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A Guide On Making Eco-Friendly and Healthy Coffee

December 12, 2021

Since the beginning of time, many things have evolved for people. One of those vital technologies has been coffee. Coffee can help people stay up late, give them more energy to work out, and tastes good too. The term "Black gold" is no joke, especially in Costa Rica, where people are making a huge effort on making sure that they get the best beans possible.

Farmers worldwide grow these beans with an agricultural process called shade-grown, which protects birds, water quality, and soil erosion. These unique farms attract tourists to visit their land because of what is produced there, like whole-bean coffee.

People who drink this coffee say that is better because it is organic, since the beans are all shade-grown, making them better for the environment. The question pops up of what defines an eco-friendly coffee. In this article, we broke down the different components of what makes your cup of energy environmentally friendly.


  1. Breaking down the economics of coffee
  2. Health benefits for your body
  3. What makes coffee natural
  4. Tips for making eco-friendly coffee
  5. Conclusion



Breaking down the economics of coffee

Costa Rica is the number one exporter of organic coffee globally, which proves that people are willing to go far and pay a higher price for it. The total revenue from exports was close to 700 million dollars. This high demand can lead to issues with supply because sometimes there are not enough beans to meet the demand.

The one area where this country does excel over others is its environmental protection policies. Farmers even promote these initiatives by getting certification through an organization known as Utz Kapeh, which sets standards on how organic farms should look like through preserving soil quality, water quality, natural resources, and ethical treatment towards employees.

These producers say that this process benefits everyone because organic farming is better for the environment, and their employees are treated well. They still get paid the good salary that they deserve.


From Growing Beans to Exporting Bags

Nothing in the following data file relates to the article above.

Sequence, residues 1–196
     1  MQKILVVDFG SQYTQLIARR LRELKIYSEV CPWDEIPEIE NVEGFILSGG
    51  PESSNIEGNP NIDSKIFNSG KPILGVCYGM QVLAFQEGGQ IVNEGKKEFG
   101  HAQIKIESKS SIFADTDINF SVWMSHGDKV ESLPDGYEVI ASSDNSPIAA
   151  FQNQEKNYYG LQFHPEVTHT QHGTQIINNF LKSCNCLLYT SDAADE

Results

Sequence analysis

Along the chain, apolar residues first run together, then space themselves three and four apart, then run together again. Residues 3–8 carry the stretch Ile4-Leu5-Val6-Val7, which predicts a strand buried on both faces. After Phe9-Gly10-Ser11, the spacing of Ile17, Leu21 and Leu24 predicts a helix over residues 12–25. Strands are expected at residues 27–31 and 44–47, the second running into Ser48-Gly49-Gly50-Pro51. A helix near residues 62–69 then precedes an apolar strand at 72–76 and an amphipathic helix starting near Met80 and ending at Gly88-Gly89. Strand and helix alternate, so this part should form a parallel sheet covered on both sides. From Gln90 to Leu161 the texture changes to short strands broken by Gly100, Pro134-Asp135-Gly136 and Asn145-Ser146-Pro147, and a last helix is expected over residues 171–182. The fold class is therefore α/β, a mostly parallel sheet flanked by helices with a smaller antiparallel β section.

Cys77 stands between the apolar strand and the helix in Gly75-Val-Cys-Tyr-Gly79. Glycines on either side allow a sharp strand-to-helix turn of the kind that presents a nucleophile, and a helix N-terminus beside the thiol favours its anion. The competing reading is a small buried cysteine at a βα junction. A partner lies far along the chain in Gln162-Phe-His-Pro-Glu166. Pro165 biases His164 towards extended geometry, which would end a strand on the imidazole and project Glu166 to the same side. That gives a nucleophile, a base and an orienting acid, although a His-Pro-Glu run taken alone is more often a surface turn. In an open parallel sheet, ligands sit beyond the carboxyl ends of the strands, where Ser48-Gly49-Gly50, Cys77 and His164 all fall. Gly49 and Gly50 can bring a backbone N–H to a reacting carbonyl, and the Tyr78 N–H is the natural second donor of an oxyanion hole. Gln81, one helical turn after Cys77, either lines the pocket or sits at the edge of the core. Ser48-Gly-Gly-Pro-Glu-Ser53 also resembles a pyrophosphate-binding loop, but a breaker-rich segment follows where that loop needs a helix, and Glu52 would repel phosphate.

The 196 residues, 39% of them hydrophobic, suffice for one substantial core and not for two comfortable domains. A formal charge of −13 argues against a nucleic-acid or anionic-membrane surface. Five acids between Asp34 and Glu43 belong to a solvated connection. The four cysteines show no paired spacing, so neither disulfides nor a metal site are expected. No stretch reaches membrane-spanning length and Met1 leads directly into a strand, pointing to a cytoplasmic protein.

Coffee is one of the few items that people do not mind paying more because they like it better. Because of the demand, many countries worldwide struggle to grow this commodity in their country. Countries like Costa Rica, Indonesia, and Ethiopia can produce these high-quality beans, which truly sets them apart.

A lot of work has to happen before you can get your coffee beans to your local supermarket or grocery store. Different stages need to occur to turn the product into something everyone can enjoy. The first stage would be where farmers pick out the ripe cherries on trees after about 6-7 months.


Roasting Economics

After picking them, producers put these ripe cherries in a collection location to separate the good from the bad. After this process is complete, producers can now begin to roast their beans, bringing different smells and tastes depending on the roaster they have.

Roasting is quite a complex process on its own. Learn more about different roasting techniques to get the right flavor for your coffee beans:


The next step is to take a sample of all their coffee and send it off to be tested for contaminants such as fungus and other unwanted pests that may cause problems later on down the road.

Before leaving Costa Rica, the last but most minor action is export clearance, which ensures that none of their product will get stopped by any customs agency that may want to hold them up due to poor quality or concerns overtaxed.


Health benefits for your body

There are some widely differing views on whether or not it is healthy. Even studies have contradicting results on the health effects of coffee. It has been said that coffee leaves a sour aftertaste in the mouth, which leads to indigestion, and that it even causes headaches.

But apart from these worries, there are also positive effects of coffee. The caffeine contained stimulates both the central nervous system and the heart while at the same time boosting metabolism for several hours.

Consequently, coffee has good cardiovascular properties since studies show that regular consumption of coffee reduces the risk of coronary disorders by up to 40%. The caffeine decreases cholesterol levels and increases insulin activity, making you less likely to develop type 2 diabetes. Coffee is also said to prevent Parkinson's disease and gallstones.


But is coffee good for me?

It is certainly far too soon to say that coffee has no adverse effect on health, but many studies prove its benefits. For example, it is said that the risk of developing type 2 diabetes decreases by 30-50% if you drink up to five cups of coffee per day.

To sum up, it appears that moderate consumption (1-4 cups/day) can be part of a healthy diet for several reasons. However, you should never exceed the upper limit because the adverse effects start to take over again.

Our tip: Avoid drinking coffee immediately after your meal, as this may cause stomach acidity and heartburn. It is also not advisable to drink excessive amounts because caffeine stimulates blood pressure and rapid heartbeat, resulting in anxiety or insomnia.



Does the way coffee is prepared matter?

Yes. If you prefer to filter your coffee and create as little garbage as possible, try not to use a paper filter. The latter does allow the coffee oils to pass through into the cup, but it also absorbs up to 97% of coffee's beneficial antioxidants.

On average, there is still 70 mg caffeine in one cup of filtered coffee/filters used more than once. If you like black tea, then this is undoubtedly exciting information for you. One study has shown that the degree of oxidation in brewed black tea is reduced by around 30% after 6 minutes compared with 4 minutes (i.e., if you infuse the tea only 2 minutes rather than 3 minutes).